Aug 23, 2018, 05:58AM

The Front Hole Monologues

Is gender liberation a modern delusion? 

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The PC police have imposed themselves on free men and women for a long time now, especially when it comes to how we use language. This is especially true about race and gender. Most recently, Healthline published a LGBTQIA Safe Sex Guidewhose intent is to take traditional sex guides out of the “Middle Ages” and into modern times.

According to the guide, most sex guides rely on old terms, such as male/female and penis/vagina. This is simply unacceptable because it excludes people who don’t identify as only male or only female. The guide states, “The notion that a penis is exclusively a male body part and a vulva is exclusively a female body part is inaccurate. By using the word ‘parts’ to talk about genitals and using medical terms for anatomy without attaching a gender to it, we become much more able to effectively discuss safe sex in a way that’s clear and inclusive.”

So, then, can we conclude that a woman has an actual penis? That a man has a vulva? Are we talking about actual embodiment or are these biological fantasies?

But it doesn’t stop there. The guide continues: “For the purposes of this guide, we’ll refer to the vagina as the ‘front hole’ instead of solely using the medical term ‘vagina.’ This is gender-inclusive language that’s considerate of the fact that some trans people don’t identify with the labels the medical community attaches to their genitals.”

There is actually nothing wrong, per se, with this sex guide. The guide lists seven genders and because of these so-called gender differences, then logically it would follow that if someone doesn’t feel like they have a vagina, they’d prefer to call it something else. The main concern of the guide’s writer is inclusivity, and the only way the desired inclusivity can happen is if the linguistic expression is changed to suit the needs of those who feel marginalized and excluded.

But just because something appears to be logical doesn’t mean that it’s correct. Today, our society is not necessarily concerned with sexual liberation (as we saw in the past) but with gender liberation. This may include Sadian hedonism, or it may not, but one thing’s certain: they seek to be free from social constructs, thereby creating a romantic utopia in which people are not people anymore, but walking body parts. The only problem is that the same proponents of gender fluidity (clearly visible in this sex guide) have indeed created a rigid hierarchy of categories and social constructs in order to gain gender liberation. In other words, they’ve created many contradictions.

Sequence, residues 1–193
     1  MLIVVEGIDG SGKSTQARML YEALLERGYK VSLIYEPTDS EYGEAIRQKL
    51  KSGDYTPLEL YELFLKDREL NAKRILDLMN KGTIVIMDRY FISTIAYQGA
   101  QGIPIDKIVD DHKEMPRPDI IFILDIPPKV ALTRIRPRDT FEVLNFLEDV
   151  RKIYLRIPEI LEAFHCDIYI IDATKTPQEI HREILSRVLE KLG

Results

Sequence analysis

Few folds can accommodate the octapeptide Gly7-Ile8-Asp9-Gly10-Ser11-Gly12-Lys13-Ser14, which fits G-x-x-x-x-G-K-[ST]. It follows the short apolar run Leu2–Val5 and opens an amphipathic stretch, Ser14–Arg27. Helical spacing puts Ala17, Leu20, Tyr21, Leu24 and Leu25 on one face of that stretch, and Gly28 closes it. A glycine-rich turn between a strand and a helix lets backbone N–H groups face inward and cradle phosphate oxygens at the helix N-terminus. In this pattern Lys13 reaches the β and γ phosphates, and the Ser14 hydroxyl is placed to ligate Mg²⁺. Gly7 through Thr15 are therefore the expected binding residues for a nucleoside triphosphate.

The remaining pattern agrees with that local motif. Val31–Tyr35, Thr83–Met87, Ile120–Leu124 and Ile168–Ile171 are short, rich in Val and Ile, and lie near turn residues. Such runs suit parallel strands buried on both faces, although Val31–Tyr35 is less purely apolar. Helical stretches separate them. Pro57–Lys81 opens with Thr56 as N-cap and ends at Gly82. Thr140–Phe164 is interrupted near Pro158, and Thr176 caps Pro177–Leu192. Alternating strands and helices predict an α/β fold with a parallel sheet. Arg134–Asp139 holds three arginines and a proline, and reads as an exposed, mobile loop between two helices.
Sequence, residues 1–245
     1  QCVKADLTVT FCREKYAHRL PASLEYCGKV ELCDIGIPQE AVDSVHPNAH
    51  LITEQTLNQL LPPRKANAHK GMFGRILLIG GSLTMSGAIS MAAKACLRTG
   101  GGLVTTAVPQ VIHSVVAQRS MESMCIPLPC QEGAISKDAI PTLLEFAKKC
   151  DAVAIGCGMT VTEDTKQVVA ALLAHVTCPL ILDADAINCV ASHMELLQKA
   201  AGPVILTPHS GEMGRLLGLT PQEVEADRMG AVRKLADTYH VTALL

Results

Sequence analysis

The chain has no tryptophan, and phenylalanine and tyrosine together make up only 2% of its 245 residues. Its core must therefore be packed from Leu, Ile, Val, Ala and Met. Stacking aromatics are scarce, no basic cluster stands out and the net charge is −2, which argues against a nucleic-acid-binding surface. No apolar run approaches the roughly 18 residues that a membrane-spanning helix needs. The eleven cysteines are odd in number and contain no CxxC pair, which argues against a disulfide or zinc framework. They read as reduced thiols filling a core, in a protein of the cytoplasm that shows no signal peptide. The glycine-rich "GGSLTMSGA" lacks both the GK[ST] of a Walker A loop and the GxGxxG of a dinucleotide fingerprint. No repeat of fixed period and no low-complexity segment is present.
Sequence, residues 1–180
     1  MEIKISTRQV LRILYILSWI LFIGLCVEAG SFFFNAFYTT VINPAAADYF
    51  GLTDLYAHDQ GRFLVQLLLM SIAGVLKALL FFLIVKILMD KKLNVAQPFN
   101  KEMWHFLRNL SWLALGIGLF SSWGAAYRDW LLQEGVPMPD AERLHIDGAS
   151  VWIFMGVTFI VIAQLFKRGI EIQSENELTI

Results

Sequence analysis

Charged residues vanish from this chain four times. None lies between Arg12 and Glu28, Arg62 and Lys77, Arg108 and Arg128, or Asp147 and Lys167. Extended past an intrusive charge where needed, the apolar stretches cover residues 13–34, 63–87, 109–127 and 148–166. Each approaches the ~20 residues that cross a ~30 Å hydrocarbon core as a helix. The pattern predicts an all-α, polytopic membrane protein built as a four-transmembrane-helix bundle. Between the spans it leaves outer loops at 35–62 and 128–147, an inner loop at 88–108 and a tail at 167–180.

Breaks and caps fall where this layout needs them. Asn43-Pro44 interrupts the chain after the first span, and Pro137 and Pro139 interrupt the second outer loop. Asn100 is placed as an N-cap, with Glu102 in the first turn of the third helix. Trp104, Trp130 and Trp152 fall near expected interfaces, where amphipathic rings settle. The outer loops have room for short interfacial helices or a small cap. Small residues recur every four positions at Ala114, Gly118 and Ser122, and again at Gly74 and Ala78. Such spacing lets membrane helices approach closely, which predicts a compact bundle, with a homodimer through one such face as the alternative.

In Sexual Personae (1990), Camille Paglia writes that sexual liberation is a “modern delusion.” I agree, and in this instance, I’d argue that gender liberation is a modern delusion as well. Freedom itself is difficult, and if we add sex to that mix, it’ll inevitably make matters more complicated for us because we don’t know how to be free.

Commenting on our sense of loss and confusion once we become free, Paglia notes, “We are hierarchical animals. Sweep one hierarchy away, and another will take its place, perhaps less palatable than the first.” In other words, we’re living in an illusion if we think that liberating ourselves from society’s clutches will result in a pure state of experience. Today, however, the erotic pleasures of the counter-culture are paradoxically not erotic but robotic. The obsession with gender identity has effectively erased real gender differences and bodily desires by perpetual shape shifting into one gender construct or another. However un-erotic this romantic utopia is, it still hungers for feeling and pleasure and wants to be fed. This ideological beast is unaware of its own destructive nature and that it seeks the path to the edge of being. But the reality is that any type of Dionysian frenzy will inevitably end badly with an even bigger existential imprisonment than the perceived original one.

All this focus on gender identity has brought nothing but divisions and, it’s increasingly difficult to find a discussion of identity itself, let alone finding a real person under the designated gender nomenclature. What the gender kommissars are not acknowledging is that gender is inextricably connected to sex, pleasure, and eros. But there’s something elusive and mysterious about it—a feeling similar to our experience of beauty. This is our human blessing and curse.

As Paglia writes: “Eroticism is mystique; that is, the aura of emotion and imagination around sex. It cannot be ‘fixed’ by codes of social or moral convenience, whether from the political left or right. There is a daemonic instability in sexual relations that we may have to accept.” Those seeking gender liberation have been willfully blind to this, and in another wave of contradictions, they’ve created metaphysics that have nothing to do with being but with language. No movement can sustain itself if its basis doesn’t acknowledge the entirety of a human being. 


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